Philosopher A.C. Grayling may visit Haw Par Villa

British philosopher Anthony Clifford "A.C." Grayling.

British philosopher Anthony Clifford "A.C." Grayling does not believe in religion, but on his first visit here, he may well head off to scrutinise dioramas of the Chinese version of hell.

"I have not visited Singapore before, but my wife lived there as a child and is looking forward to showing me the scenes of her memories," Grayling, 64, writes in an e-mail interview ahead of his two appearances at the Singapore Writers Festival next month.

The father of four - two grown children from a previous marriage, plus a teenage stepson and daughter - is married to novelist Katie Hickman, 53, who lived in Singapore from 1969 to 1971.

She told The Straits Times in a 2008 interview that one of her most vivid memories is that of being terrified and thrilled by the "cave with the scenes from hell" at Haw Par Villa, where statues embody images from Chinese folklore.

Grayling is well known for his philosophy of secular humanism and opposition to organised religion.

His first public appearance here, on Nov 2, will be for a lecture titled A Good Life In A Bad World?, billed as "an illuminating lecture on how we live, how we treat one another, and our interactions with the world at large".

Later that evening, he hosts an already sold-out dinner, part of the Singapore Writers Festival's annual Eat Your Words series, where readers and writers share food and food for thought.

Dinner guests are assured of a treat, judging by Grayling's description of a typical meal at home. "We have lively conversations about everything under the sun. My wife is a writer, the children are clever and highly individual. There is no end to the surprising, funny, serious, philosophical and sometimes zany topics that arise," he writes.

He published two books with Bloomsbury this year typical of his engaging and argumentative style.

The God Argument presents arguments for and against the existence of religion. The Good Book unites moral teachings from various religious and philosophical schools of thoughts, and is provocatively subtitled "A Humanist Bible".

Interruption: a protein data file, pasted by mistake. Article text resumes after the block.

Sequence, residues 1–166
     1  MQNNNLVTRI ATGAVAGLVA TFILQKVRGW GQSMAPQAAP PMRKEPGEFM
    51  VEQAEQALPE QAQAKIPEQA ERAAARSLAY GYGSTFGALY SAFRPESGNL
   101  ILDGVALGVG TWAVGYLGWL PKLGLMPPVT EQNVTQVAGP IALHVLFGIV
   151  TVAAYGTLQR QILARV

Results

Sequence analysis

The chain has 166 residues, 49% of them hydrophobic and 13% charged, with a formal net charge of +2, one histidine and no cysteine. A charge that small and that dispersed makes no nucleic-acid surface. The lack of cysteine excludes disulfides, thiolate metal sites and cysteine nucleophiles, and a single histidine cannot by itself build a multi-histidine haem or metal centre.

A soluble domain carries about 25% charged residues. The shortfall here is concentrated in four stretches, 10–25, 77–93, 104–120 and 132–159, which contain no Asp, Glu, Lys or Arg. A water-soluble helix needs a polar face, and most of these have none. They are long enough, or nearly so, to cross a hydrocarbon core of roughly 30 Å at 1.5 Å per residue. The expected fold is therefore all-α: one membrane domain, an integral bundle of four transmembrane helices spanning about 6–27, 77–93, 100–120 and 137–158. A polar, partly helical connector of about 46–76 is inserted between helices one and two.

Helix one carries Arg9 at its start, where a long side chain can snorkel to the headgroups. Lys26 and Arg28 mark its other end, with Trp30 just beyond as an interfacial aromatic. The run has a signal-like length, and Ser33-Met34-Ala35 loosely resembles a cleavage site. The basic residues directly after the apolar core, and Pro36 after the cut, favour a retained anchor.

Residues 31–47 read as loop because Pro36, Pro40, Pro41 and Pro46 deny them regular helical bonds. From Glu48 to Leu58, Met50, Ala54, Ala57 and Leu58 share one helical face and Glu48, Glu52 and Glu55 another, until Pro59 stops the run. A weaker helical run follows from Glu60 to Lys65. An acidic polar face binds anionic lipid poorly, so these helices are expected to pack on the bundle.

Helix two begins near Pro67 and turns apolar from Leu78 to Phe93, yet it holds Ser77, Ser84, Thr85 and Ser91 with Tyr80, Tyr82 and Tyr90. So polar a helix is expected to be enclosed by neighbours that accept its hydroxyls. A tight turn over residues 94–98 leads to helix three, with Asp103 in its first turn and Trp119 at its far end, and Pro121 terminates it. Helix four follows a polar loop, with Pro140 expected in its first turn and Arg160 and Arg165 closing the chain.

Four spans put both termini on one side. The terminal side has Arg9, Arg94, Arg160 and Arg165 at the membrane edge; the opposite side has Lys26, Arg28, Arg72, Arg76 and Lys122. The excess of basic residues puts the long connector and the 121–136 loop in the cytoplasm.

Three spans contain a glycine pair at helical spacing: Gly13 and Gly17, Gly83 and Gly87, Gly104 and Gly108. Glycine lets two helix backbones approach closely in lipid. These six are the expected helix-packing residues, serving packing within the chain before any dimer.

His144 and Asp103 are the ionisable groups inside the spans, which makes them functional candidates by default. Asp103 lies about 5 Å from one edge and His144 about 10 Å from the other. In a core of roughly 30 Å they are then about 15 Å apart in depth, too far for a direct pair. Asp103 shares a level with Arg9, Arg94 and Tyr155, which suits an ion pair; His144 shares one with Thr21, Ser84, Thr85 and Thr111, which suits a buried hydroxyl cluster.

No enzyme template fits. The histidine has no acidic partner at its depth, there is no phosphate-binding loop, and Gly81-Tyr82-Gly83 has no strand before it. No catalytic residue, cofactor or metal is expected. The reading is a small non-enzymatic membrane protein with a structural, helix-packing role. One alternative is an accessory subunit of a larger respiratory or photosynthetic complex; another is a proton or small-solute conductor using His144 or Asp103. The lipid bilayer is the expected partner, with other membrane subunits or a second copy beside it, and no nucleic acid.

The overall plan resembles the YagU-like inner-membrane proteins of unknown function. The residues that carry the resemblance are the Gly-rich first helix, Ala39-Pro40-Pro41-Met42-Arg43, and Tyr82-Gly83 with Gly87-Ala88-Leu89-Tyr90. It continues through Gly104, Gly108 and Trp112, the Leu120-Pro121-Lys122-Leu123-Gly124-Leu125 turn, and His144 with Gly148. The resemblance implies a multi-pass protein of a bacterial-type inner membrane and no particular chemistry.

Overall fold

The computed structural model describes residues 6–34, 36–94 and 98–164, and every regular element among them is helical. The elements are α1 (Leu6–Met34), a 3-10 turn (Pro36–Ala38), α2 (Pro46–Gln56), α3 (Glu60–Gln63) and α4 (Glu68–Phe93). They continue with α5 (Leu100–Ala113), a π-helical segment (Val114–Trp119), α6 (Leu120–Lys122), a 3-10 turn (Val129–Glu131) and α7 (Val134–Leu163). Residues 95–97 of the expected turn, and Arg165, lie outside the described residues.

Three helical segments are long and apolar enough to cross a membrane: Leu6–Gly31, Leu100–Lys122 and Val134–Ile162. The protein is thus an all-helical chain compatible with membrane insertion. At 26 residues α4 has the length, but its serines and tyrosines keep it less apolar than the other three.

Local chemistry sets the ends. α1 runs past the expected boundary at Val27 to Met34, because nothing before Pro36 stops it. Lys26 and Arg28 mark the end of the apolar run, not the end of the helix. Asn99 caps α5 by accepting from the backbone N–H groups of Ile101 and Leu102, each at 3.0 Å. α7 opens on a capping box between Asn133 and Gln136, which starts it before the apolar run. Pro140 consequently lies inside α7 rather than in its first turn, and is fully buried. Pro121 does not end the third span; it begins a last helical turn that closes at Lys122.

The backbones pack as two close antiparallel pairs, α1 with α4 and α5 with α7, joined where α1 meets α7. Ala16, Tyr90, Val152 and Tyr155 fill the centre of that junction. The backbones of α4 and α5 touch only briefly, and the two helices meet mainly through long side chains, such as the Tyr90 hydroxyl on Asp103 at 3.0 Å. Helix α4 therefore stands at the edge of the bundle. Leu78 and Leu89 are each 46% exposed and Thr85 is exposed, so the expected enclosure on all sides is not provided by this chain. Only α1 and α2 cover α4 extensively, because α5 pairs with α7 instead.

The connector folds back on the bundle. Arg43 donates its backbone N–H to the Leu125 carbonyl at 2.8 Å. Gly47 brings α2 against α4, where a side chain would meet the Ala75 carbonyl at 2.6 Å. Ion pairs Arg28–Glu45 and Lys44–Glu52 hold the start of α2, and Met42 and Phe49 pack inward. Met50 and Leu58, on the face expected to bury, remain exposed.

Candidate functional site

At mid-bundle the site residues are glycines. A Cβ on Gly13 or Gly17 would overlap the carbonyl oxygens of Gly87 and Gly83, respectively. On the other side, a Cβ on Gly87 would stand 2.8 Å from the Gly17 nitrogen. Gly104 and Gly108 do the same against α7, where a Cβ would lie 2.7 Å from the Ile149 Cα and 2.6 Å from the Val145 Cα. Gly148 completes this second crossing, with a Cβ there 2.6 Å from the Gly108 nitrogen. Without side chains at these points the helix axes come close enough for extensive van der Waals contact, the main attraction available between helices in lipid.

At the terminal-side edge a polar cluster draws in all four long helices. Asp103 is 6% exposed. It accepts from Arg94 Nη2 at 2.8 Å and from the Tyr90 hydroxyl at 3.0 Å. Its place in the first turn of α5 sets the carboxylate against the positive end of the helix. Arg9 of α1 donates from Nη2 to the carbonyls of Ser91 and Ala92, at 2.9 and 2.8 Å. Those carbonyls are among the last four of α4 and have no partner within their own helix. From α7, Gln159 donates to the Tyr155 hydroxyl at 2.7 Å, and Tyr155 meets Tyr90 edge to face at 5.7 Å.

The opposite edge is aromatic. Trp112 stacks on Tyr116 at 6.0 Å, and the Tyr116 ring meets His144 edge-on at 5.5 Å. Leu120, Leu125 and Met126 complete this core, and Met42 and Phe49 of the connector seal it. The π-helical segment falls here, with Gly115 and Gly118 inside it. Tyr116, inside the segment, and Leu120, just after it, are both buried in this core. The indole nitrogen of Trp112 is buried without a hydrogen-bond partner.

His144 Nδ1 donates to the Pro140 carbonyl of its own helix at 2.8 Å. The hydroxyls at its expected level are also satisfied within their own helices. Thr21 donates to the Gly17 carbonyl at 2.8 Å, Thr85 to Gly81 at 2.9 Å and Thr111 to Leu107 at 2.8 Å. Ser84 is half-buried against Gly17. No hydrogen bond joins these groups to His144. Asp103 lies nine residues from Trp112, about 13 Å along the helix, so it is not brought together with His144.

"The Good Book took me more than 30 years to make. Many of the things I've written about in other books were sparked off by what I learnt in that process," he says.

He is the author of 13 scholarly works on philosophy and 21 more general works. He studied at the University of Sussex and Oxford University and taught philosophy at Birkbeck College from 1991 to 2011.

That year he founded an independent university, the New College Of The Humanities in London. The star-studded faculty includes famed evolutionary biologist Richard Dawkins.

Asked about current enrolment, he gives no details, but says: "The college is flourishing wonderfully. It is very exciting to be creating a new, different and innovative higher education institution with gifted students who love their studies."

He was one himself. Brought up in an expatriate family in Zambia, Africa, his interest in philosophy began at age 12 when he found the complete works of Plato in the local library.

After devouring those in his pre- teens, he went on to other heavyweights including G.H. Lewes' The Biographical History Of Philosophy, Bertrand Russell's The Problems Of Philosophy, J.S. Mill's On Liberty and Aristotle's Nichomachean Ethics, all of which he recommends to novices interested in philosophy.

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